In A River Runs Through It, Norman Maclean claims that “in my family, there is no clear line between religion and fly-fishing.” Nor is there a clear line between family and fly-fishing. It is the one activity where brother can connect with brother and father with son, bridging troubled relationships at the junction of great trout rivers in western Montana. In Maclean’s autobiographical novella, it is the river that makes them realize that life continues and all things are related.
Just as Norman Maclean writes at the end of A River Runs Through It that he is “haunted by waters,” so have readers been haunted by his novella. A retired English professor who began writing fiction at the age of 70, Maclean produced what is now recognized as one of the classic American stories of the 20th century.
Here, with "A River Runs Through It", are two Norman Maclean stories never before on audio:
©1976 A River Runs Through It and Other Stories © 1976 The University of Chicago Press. Recorded by arrangement with John N. Maclean and Jean Maclean Snyder. (P)2010 (p) 2010 HighBridge Company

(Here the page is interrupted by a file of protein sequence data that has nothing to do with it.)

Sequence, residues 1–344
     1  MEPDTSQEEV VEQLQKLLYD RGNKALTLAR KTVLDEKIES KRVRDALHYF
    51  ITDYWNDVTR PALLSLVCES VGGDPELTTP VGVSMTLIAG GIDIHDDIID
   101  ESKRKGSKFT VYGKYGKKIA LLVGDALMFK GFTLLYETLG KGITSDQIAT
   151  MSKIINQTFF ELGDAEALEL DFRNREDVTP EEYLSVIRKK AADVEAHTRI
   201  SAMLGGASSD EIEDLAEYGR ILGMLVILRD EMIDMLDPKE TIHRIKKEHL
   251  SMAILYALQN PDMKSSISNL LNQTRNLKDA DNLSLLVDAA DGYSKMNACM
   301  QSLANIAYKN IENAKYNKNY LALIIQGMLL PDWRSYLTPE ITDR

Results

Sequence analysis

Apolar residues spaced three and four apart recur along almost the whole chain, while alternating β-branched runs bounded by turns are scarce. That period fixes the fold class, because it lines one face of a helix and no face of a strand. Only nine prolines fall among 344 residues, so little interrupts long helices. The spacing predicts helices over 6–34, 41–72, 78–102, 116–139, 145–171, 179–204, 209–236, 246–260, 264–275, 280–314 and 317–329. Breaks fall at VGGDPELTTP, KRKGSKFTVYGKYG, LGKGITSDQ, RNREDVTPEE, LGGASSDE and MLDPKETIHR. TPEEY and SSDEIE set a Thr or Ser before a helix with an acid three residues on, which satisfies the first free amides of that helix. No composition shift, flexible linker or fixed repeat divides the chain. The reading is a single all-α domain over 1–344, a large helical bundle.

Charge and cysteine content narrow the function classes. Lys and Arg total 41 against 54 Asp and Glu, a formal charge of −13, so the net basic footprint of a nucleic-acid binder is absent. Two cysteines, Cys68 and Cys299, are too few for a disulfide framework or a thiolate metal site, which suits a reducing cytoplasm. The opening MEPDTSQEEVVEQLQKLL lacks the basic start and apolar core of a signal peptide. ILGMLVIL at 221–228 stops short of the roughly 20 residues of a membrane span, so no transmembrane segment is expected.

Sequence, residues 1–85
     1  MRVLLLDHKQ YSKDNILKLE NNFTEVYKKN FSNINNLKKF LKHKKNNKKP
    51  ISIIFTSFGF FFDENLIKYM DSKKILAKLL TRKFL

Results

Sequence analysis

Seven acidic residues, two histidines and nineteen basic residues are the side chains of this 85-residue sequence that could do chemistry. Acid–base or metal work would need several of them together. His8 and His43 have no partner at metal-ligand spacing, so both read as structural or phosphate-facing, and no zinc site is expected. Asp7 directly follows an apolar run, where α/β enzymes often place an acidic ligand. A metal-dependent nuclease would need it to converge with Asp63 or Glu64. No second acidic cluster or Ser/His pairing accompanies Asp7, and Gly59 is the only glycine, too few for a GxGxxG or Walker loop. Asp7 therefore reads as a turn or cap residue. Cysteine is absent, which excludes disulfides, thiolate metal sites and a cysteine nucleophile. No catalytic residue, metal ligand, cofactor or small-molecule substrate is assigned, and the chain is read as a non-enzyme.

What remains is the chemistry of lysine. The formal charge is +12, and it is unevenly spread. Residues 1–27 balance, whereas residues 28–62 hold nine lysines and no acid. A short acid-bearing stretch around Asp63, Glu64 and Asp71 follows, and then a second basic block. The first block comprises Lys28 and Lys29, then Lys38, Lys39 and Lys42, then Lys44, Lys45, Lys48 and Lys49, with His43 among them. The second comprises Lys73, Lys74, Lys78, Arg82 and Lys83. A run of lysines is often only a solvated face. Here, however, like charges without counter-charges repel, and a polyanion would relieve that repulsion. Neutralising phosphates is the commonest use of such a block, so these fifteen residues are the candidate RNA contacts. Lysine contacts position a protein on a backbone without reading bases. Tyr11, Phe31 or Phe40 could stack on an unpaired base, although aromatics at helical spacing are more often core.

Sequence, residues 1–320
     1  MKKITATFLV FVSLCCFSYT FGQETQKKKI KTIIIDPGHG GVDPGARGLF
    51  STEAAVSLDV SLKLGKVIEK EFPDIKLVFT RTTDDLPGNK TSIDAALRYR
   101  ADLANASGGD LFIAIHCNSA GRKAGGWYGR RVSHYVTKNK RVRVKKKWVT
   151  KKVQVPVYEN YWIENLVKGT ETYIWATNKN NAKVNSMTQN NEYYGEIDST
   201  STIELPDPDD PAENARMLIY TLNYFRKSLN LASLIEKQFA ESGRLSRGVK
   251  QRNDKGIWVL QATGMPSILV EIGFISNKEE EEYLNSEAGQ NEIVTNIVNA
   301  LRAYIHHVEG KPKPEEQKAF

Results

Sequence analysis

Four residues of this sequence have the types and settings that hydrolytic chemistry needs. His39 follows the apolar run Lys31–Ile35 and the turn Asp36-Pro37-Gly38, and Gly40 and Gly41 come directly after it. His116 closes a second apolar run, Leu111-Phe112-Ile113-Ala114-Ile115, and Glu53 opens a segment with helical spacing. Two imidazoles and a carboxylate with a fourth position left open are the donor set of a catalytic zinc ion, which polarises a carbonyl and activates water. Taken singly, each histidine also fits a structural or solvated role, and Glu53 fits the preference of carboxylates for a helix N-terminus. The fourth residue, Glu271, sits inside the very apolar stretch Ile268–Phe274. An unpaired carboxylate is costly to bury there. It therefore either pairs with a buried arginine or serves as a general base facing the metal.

I enjoyed learning the nuances of fly fishing while listening to an interesting drama, good realistic balance of storytelling.
The central short story, "A River Runs Through it"- deals with the themes of love, family, obligation, and the huge challenge of what it is that we can and can't do on behalf of those that we love. Of course, fly fishing is also mentioned a time or two. :)
I loved this and I glad I found it. The themes are timeless and really resonated with me. I can't imagine anybody not thoroughly enjoying these stories.
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